In today’s market, all of your retail inventory, including every used unit, should be available on the internet. Most dealers are already doing this, but you may not be taking full advantage of the opportunity. Here are the top five ways to start moving more used units online today:

1. Post More

The sooner you post inventory online, the better. In some stores, there is a significant delay in getting vehicles prepared for display and posting them on the website. Some dealers have gone to a dual-staging format, in which vehicles, once procured, are quickly given a cleaning and then staged and photographed prior to reconditioning.

The vehicle might get dirty in the shop, so you might consider two washes a waste of time. It’s not. Time-to-market is one of our greatest challenges. The quicker your products can be made available, the quicker the public will be able to consider them for purchase.

And while we’re on the topic, let’s discuss those images. Photograph vehicles in the same location, facing the same direction, to give your web inventory a clean, uniform look. And post at least 40 pictures of every vehicle. Remember, an internet customer is shopping online for several reasons, one of which is not having to deal with a salesperson.

Your photos and descriptions are a virtual product presentation. Include as many pictures as possible and represent every part of the vehicle, inside and out — regardless of price point. In other words, take as many photos of your “cash corral” vehicles as your core inventory.

2. Price Smarter

There are differing opinions about whether your online pricing should match the pricing of the inventory on your lot. Legal issues aside, consistent pricing promotes a perception of legitimacy from the car buyer’s perspective.

The last thing you want is for a salesperson to be put in the position of trying to explain why an on-lot price is higher than one a customer has seen on the internet. Would you blame the customer for withholding that information to find out what kind of salesperson they’re dealing with?

Consistent pricing also allows management to track “gross leak.” Many top dealers are starting to track, on an individual salesperson basis, the difference between the price listed on the net and the final sales price. This “leak” can be caused by several factors, including email and phone negotiations, sight-unseen appraisal values quoted by the salesperson, and discussions about payments prior to the customer coming to the store.

All these factors erode gross at a time when dealers are being very competitive with online pricing. When your prices match, it simplifies the process of tracking gross erosion and allows you to more quickly identify and address opportunities within their process.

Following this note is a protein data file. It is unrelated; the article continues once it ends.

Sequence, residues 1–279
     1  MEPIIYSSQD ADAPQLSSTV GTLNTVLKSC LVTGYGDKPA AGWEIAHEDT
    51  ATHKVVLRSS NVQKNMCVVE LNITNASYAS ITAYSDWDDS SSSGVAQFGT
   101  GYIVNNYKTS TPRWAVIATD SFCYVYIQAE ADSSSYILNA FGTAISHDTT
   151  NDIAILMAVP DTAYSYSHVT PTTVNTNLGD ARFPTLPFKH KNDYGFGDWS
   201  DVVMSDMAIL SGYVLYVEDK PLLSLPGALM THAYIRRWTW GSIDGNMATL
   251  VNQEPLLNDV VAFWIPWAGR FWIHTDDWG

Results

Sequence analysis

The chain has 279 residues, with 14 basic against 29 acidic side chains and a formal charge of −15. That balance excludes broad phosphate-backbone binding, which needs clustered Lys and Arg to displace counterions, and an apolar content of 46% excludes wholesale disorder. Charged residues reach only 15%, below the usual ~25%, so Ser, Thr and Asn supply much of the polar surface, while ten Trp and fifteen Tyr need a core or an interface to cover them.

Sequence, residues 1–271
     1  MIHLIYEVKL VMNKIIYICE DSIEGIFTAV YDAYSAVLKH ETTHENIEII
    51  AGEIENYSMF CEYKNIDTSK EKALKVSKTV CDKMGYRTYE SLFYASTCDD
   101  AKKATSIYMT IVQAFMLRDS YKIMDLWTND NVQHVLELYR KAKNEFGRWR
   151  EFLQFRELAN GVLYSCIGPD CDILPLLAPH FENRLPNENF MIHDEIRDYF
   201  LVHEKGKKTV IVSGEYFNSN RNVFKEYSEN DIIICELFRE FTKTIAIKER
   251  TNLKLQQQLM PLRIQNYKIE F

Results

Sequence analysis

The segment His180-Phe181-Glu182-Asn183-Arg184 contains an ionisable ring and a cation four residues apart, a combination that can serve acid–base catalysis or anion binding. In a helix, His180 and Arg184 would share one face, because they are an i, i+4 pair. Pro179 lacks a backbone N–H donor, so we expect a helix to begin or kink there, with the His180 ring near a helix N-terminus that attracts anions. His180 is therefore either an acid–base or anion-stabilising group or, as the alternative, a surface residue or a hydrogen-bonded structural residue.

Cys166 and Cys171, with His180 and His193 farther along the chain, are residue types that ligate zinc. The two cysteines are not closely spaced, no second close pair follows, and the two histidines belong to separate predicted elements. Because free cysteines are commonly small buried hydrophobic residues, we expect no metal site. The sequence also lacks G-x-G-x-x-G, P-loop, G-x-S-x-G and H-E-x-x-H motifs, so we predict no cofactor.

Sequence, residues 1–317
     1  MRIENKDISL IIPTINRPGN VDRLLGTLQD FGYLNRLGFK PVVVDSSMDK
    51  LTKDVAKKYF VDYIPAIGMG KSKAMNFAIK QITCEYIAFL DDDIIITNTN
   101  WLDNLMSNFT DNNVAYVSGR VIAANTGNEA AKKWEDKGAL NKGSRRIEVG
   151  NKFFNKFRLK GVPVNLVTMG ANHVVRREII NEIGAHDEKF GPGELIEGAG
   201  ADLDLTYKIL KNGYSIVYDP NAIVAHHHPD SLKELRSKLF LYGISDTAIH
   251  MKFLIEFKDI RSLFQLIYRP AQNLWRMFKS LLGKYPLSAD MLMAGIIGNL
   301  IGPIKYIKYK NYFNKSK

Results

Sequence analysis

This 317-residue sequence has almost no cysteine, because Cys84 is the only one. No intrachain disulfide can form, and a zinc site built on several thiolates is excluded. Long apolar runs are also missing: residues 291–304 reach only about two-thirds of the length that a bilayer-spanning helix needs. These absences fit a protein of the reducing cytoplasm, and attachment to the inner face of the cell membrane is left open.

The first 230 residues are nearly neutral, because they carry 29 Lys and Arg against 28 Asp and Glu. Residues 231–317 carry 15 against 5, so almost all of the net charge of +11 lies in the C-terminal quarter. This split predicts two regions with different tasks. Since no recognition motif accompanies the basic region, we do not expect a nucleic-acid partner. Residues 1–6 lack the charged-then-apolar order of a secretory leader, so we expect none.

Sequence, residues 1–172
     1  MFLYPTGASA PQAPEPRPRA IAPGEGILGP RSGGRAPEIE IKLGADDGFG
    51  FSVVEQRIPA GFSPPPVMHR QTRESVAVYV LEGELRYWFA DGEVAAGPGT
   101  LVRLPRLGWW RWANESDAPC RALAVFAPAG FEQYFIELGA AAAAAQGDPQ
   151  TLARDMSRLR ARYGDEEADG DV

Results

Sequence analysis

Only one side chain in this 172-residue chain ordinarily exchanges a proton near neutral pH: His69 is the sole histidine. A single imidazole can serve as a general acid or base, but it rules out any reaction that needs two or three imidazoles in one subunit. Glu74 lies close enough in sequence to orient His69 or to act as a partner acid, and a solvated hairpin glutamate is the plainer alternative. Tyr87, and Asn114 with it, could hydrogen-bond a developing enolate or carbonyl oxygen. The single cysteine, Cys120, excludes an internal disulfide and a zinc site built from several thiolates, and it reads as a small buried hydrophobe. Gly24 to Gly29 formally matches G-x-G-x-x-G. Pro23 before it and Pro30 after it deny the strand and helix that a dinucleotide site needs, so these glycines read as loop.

The frequency with which your prices change depends partly on your market and mostly on availability and demand. The ultimate purpose of your investment in a used car is return. The quicker the sale (at a profit), the higher potential for return.

3. Know Your Competition

You need to know how your competition is approaching used-car internet sales. The easiest way to find out what they’re up to is to mystery shop them.

Use Gmail to quickly and easily set up email accounts specifically for this purpose. Be sure to note not only the pricing, but also the format of your competition’s response. Do they give pricing right off the bat, or are they initially focused on setting an appointment? Is there an attempt to obtain an appraisal of a potential trade? Are there specific questions being asked of the customer to determine time frame, use of vehicle, primary decision makers, budget?

Is there a focus on other facets of the dealership, such as history, service, volume, customer satisfaction? Does the email include photos of the vehicle and the internet salesperson? Are they using video response? These are your clues to a competitive advantage.

4. Negotiate Better

Negotiating internet sales depends on a couple of factors, including how much negotiation was conducted prior to the customer arriving at the store.

If the salesperson’s initial focus was to set an appointment and they were successful, they should work the deal as they would any other deal. If they agreed upon a price prior to the customer’s arrival, that price and the original price should be disclosed upfront. They should work the deal with a focus on capturing financing and a trade.

5. Use eBay

Some of the more aggressive used-vehicle department heads I know spend time every day scouring eBay. They’re looking for high-demand, low-availability vehicles from across the country. Their efforts are frequently rewarded by “A” vehicles (not commodity cars) they can procure and turn for a profit.

Regardless of department size, you can use eBay to market your used units. Pricing minimums must be strictly reviewed and set by the used-car manager. It’s also important to have a plan for when vehicles are made available. Is eBay used proactively or as a last-ditch effort?

Be aggressive and keep ROI in mind. Capture every trade you can. Get them reconditioned and on the lot quickly. Make every effort to build effective VDPs.

Finally, ask yourself this: Are the goals of your used-car department, the management of the inventory as an investment, the stocking levels, model mix, and rules of engagement clearly defined and regularly reinforced? If not, what are you waiting for?

Bill Mokry is West regional manager for Service Group, an F&I income development company. Email him at [email protected]